Lakes in Tanzania

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Sitting just beneath the equator, Tanzania is warm and pleasant all year round, meaning there’s never a bad time to visit and swim in this East African country’s vast and varied lakes. Surrounded by rich, exciting wildlife and offering some of the country’s finest scenery, the lakes in Tanzania are well worth a stop on your itinerary.

What makes Tanzania lakes so special?

Whether it’s the birds at Lake Natron or the wildlife living within the largest tropical lake in the world, Lake Victoria, there’s something to impress any traveler at Tanzania’s big bodies of water. Try snorkeling, take boat rides and go kayaking at some of the most beautiful lakes in the country, and don’t miss an opportunity to interact with locals living on their shores. 

The best lakes in Tanzania for your itinerary

With numerous pristine lakes, Tanzania has lots of spectacular scenery on offer. But there are a few don’t-miss destinations. Connect with nature and marvel at the country’s best natural assets at some of these glorious lakes in Tanzania.

See flamingos at Lake Natron

At the foot of the Great Rift Valley lies arguably the world's most caustic lakes, with water so alkaline it can burn human skin. The countless halophilic bacteria here, though, create a perfect environment for the pink flamingos that flock to its shores to feed. The thousands of pink birds are an unforgettable sight. Surrounding the lake, emerald green hills flank its shoresm, and adventurous travelers trek up the nearby Ol Doinyo Lengai to meet native Maasai tribespeople.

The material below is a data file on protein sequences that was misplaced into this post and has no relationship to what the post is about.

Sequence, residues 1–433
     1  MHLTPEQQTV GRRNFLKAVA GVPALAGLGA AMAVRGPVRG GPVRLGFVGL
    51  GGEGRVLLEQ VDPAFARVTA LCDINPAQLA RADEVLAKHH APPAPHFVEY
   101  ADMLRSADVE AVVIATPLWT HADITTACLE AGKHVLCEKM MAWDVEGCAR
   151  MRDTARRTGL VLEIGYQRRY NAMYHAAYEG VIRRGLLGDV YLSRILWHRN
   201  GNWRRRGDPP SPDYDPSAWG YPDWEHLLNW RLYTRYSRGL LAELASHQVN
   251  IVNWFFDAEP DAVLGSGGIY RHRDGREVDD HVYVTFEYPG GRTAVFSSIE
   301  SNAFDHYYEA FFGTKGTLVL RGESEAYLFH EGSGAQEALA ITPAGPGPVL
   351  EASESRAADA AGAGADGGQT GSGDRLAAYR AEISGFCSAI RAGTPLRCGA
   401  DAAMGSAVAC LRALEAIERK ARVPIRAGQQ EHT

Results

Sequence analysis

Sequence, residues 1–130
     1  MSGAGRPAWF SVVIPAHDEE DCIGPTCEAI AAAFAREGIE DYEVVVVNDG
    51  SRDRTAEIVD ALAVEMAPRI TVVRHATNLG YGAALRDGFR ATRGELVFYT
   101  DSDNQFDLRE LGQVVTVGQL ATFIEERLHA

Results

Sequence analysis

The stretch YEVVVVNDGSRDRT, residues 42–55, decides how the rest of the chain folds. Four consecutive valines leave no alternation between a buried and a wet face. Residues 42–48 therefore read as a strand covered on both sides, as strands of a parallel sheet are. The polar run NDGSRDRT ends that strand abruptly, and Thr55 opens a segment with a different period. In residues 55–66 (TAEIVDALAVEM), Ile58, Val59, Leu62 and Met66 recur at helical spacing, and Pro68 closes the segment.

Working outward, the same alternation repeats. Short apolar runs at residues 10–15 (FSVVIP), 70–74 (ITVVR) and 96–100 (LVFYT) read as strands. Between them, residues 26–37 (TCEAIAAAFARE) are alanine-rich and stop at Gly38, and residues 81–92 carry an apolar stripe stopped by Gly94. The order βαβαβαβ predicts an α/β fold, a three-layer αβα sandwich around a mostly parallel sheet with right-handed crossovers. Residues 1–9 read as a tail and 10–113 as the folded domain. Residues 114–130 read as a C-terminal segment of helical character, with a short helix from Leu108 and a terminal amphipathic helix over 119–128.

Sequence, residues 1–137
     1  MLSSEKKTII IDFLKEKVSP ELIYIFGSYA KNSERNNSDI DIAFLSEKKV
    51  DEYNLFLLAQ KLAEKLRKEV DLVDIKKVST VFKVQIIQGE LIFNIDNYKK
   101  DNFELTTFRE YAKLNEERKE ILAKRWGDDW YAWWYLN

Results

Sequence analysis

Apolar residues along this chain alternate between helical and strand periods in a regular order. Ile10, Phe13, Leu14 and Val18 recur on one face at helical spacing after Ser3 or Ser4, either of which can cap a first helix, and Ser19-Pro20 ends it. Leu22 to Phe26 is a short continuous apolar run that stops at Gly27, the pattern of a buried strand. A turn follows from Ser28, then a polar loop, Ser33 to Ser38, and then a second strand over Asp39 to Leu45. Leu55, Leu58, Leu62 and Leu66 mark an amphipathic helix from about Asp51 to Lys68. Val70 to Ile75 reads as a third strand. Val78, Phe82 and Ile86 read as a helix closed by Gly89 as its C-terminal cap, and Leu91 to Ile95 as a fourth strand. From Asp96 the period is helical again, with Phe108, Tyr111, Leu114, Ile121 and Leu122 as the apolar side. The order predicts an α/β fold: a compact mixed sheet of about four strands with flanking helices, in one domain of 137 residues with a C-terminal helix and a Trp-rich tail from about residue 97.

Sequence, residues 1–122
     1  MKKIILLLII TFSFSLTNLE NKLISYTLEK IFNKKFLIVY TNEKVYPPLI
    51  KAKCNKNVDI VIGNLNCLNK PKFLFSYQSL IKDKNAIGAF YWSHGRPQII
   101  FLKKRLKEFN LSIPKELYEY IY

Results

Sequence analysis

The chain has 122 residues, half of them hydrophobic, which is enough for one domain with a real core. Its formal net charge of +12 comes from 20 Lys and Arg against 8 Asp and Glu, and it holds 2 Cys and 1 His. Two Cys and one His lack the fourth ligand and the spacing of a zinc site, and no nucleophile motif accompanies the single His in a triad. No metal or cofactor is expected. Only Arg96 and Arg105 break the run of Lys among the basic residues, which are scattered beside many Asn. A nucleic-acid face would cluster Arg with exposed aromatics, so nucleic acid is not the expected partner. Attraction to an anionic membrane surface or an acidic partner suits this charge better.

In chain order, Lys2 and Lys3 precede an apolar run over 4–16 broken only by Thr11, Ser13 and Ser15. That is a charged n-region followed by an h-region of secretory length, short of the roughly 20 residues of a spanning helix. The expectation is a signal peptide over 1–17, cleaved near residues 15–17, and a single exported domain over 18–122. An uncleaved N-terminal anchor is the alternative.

Snorkel at Lake Tanganyika

Africa’s deepest lake is also the world’s second-oldest freshwater lake. But it’s impressive not least because of its size. Lake Tanganyika has rushing waterfalls, brilliant marine life including the rainbow cichlid fish, and even Nile crocodiles swimming in its sparkling waters. Brave visitors can snorkel to see the myriad colourful fish that live here.

Enjoy Lake Eyasi's native culture

The Datoga and Hadzabe tribes had a home around the shores of Lake Eyasi for centuries. Here, you’ll get a rare opportunity to meet the modern-day Datoga and Hadzabe, visit their homes and and understand their way of life. Bird watchers will love the lake's inhabitants, which includes storks, flamingos, lovebirds and pelicans. 

Lake Victoria's incredible tranquility

By far one of the world’s most famous lakes, Victoria is enormous at over 26,000 square miles. It’s so huge, it spans three countries, including Tanzania’s neighbors, Kenya and Uganda. For the best experience, take to the waters by traditional dhow boat and sail to its verdant islands. You’ll spot all sorts of birdlife, you could catch some Nile perch for dinner, or even see a hippopotamus basking in the waters. 

Revel in Lake Nyasa's fresh waters

Home to incredible biodiversity, Lake Nyasa provides all sorts of exciting experiences for the intrepid travelers that make it here. The serene lake is the perfect spot for a refreshing evening swim, or you could explore by kayak to get out even further on the water. Livingstone Mountains makes a stunning backdrop, and the sandy beaches on its shoreline means sunbathing is possible. Hike among the nearby hills and you’ll discover beautiful waterfalls along the way.

Tips for visiting Tanzania lakes

December offers the most pleasant weather for a calming vacation, but if you are a keen birder then plan your trip between June and December to enjoy sightings of flamingos and pelicans.

When to go in Tanzania?

Inland regions have a temperate, tropical climate, whilst the coast is very humid and can, sometimes, get too hot. The best time to visit Tanzania is during the dry season, which runs from May to October. Avoid the rainy season between March and the beginning of May. Another option is to go during a short rainy season that lasts from November to mid-December. There are fewer tourists and the country is in bloom. All of this depend on what you plan to do when there. The dry season is ideal for safaris in most of the parks, but to see the wildebeest and zebra migration (as well as the predators at large), opt for the rainy season. If you dislike the heat, avoid January and February, the hottest months of the year.
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